Over the weekend I wrote about the Pennsylvania’s Supreme Court decision to block a ridiculous lawsuit filed by a Republican state senator in state court which argued that the expansion of absentee voting done in 2019 by the Republican state legislature, including the plaintiff in the suit, violated the state constitution. It was a ridiculous suit for many reasons including laches: if you have a problem with an election rule, you cannot wait until after the election is run to see if you like how the election came out before suing. The state Supreme Court unanimously agreed that any kind of relief that would disenfranchise voters who voted using the system approved by the legislature would be impermissible.
I then noted that because this case presented only a question of state law, there were no apparent grounds to go to the Supreme Court, as the plaintiff announced an intention to do.
Well now the plaintiff has filed an emergency application for an injunction in the Supreme Court, and the federal question presented is: “May a legislature violate its state constitution’s restrictions on the lawmaking power when enacting legislation for the conduct of federal elections pursuant to Article I, § 4, and Article II, § 1 of the U.S. Constitution? (There’s a second dumb question related to laches that is not even worth the time.)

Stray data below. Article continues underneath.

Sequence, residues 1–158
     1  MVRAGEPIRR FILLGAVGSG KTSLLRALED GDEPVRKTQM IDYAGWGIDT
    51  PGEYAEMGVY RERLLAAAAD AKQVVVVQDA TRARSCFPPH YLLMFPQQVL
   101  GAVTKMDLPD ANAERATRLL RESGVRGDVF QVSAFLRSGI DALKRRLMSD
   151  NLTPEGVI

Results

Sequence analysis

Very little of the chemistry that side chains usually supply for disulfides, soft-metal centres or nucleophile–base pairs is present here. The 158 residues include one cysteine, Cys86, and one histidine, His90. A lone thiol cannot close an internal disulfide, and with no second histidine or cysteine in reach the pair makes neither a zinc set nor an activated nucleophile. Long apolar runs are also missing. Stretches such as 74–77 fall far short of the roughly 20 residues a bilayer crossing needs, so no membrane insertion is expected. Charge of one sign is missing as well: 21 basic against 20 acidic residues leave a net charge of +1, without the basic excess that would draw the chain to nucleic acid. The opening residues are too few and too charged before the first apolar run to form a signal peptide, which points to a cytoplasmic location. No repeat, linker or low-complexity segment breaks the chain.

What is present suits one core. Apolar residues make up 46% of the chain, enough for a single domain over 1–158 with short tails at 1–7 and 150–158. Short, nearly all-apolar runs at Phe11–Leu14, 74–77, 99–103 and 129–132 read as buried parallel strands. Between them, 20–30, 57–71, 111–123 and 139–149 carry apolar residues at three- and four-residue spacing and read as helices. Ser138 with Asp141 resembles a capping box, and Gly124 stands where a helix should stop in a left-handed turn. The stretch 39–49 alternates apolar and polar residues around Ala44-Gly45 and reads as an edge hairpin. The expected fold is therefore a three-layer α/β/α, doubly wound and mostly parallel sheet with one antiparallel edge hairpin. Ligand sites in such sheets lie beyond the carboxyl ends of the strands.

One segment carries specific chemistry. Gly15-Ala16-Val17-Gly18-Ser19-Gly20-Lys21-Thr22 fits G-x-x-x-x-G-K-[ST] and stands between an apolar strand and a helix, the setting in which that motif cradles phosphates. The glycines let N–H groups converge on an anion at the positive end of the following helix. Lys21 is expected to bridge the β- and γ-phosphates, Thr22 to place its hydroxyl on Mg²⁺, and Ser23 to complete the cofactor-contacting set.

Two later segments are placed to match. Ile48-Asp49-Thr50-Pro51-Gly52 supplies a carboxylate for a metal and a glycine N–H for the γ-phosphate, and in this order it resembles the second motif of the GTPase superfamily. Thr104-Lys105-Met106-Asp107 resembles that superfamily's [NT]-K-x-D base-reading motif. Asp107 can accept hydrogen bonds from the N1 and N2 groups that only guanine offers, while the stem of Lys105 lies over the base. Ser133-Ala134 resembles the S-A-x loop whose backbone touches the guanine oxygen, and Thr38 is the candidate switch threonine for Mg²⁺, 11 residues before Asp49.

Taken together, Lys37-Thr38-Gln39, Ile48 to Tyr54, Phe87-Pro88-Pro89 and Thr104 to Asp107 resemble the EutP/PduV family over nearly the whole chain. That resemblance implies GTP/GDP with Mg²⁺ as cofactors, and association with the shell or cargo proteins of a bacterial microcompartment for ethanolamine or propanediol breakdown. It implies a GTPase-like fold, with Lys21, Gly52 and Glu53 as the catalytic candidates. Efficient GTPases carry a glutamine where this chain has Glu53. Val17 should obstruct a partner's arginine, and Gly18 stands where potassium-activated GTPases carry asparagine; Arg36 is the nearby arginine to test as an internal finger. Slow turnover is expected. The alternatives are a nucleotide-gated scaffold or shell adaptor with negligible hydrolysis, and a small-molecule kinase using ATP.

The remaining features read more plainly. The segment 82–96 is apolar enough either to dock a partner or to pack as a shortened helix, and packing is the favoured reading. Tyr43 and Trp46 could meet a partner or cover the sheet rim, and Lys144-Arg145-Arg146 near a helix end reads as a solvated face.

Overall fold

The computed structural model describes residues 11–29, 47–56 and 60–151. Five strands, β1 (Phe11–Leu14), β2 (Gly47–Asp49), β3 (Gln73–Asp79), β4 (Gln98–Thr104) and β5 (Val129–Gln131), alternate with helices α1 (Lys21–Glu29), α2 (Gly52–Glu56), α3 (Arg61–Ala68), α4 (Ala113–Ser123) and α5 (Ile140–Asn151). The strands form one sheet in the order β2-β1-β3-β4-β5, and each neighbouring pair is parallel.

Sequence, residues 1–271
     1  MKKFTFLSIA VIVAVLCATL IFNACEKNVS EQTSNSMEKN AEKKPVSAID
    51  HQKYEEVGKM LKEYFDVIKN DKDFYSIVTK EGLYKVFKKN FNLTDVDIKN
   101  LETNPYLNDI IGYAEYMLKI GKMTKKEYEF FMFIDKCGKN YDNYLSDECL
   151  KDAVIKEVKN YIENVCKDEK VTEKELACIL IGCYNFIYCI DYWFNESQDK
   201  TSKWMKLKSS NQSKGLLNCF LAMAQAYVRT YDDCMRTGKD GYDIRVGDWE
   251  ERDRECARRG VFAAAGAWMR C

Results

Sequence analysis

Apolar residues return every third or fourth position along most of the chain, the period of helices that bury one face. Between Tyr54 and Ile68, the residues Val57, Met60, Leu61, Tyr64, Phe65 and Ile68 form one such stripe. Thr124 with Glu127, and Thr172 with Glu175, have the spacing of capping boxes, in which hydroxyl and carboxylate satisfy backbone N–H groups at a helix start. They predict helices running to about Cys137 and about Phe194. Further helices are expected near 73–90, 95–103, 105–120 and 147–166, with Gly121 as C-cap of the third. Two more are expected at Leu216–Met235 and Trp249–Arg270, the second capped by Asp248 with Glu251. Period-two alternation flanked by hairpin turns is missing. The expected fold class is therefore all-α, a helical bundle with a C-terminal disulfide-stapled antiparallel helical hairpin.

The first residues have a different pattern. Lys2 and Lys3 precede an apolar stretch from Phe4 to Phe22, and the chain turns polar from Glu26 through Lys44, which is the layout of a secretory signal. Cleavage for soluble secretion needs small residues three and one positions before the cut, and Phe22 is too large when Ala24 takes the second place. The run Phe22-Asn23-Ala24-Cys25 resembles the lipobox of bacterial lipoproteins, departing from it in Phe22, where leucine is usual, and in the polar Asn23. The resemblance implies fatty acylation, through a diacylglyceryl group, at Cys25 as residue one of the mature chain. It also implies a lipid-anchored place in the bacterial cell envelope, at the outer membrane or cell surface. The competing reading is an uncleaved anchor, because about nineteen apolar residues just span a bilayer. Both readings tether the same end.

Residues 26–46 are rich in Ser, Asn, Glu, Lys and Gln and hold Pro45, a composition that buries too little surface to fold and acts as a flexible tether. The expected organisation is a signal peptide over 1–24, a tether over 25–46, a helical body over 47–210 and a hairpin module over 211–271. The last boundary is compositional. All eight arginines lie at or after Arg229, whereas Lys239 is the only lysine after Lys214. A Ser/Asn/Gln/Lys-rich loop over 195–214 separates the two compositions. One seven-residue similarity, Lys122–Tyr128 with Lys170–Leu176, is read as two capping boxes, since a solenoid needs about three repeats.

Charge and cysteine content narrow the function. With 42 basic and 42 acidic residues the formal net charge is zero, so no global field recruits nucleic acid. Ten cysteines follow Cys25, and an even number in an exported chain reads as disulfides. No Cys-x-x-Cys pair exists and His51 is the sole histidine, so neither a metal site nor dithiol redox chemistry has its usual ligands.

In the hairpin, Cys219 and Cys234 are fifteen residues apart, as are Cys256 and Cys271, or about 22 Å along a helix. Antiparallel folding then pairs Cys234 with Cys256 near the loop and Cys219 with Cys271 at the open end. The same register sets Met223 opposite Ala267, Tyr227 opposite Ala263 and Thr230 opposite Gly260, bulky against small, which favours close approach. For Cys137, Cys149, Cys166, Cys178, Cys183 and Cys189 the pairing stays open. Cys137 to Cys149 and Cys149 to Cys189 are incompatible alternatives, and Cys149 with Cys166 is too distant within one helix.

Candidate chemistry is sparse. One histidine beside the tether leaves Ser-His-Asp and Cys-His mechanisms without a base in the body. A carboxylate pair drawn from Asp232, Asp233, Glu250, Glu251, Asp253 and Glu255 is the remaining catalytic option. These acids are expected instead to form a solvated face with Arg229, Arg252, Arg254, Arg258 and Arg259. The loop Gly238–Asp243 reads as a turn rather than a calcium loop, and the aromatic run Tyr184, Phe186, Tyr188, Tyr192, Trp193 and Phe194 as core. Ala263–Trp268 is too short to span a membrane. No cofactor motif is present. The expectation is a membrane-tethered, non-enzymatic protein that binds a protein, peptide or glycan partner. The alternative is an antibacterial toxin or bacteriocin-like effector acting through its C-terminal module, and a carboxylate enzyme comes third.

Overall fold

This is kind of the opposite of the independent state legislature doctrine that we’ve seen in some of the other cases. In those other cases, the argument is that a state legislature cannot be constrained by provisions in a state constitution (as interpreted by a state supreme court) in setting rules for federal elections. This case argues that when a state legislature fails to follow a state constitutional provision, that failure violates the U.S. Constitution. Which provision of the Constitution? The question presented points to provisions in the Constitution that give state legislatures the power to set election rules, so how could that possibly be violated by a state legislature setting election rules?
Even worse, the state supreme court is the ultimate arbiter of the meaning of the state constitution, not the U.S. Supreme Court, and so it is not for the U.S. Supreme Court to say if the PA legislature violated the PA constitution.
The plaintiff wants an order from the U.S. Supreme Court nullifying the effect of the certification of the electors. It is not clear that this kind of remedy is even available. But I do not expect this case to go anywhere at the Supreme Court.